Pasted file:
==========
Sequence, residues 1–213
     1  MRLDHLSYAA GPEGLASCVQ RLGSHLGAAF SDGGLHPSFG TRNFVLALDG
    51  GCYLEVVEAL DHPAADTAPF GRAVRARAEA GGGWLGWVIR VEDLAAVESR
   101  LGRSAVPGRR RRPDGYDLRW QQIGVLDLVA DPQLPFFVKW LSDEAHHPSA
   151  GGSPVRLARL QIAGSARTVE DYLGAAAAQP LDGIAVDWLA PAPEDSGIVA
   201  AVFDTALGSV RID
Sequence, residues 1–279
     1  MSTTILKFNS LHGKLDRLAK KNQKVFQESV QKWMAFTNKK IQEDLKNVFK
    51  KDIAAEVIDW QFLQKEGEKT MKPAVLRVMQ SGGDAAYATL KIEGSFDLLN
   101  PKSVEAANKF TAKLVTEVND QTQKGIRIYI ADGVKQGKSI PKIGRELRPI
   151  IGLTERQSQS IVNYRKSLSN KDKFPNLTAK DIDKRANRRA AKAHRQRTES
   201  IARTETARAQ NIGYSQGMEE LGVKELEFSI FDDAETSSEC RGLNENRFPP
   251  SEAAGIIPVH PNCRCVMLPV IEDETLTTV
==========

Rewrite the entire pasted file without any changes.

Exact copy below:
Sequence, residues 1–213
     1  MRLDHLSYAA GPEGLASCVQ RLGSHLGAAF SDGGLHPSFG TRNFVLALDG
    51  GCYLEVVEAL DHPAADTAPF GRAVRARAEA GGGWLGWVIR VEDLAAVESR
   101  LGRSAVPGRR RRPDGYDLRW QQIGVLDLVA DPQLPFFVKW LSDEAHHPSA
   151  GGSPVRLARL QIAGSARTVE DYLGAAAAQP LDGIAVDWLA PAPEDSGIVA
   201  AVFDTALGSV RID
Sequence, residues 1–279
     1  MSTTILKFNS LHGKLDRLAK KNQKVFQESV QKWMAFTNKK IQEDLKNVFK
    51  KDIAAEVIDW QFLQKEGEKT MKPAVLRVMQ SGGDAAYATL KIEGSFDLLN
   101  PKSVEAANKF TAKLVTEVND QTQKGIRIYI ADGVKQGKSI PKIGRELRPI
   151  IGLTERQSQS IVNYRKSLSN KDKFPNLTAK DIDKRANRRA AKAHRQRTES
   201  IARTETARAQ NIGYSQGMEE LGVKELEFSI FDDAETSSEC RGLNENRFPP
   251  SEAAGIIPVH PNCRCVMLPV IEDETLTTV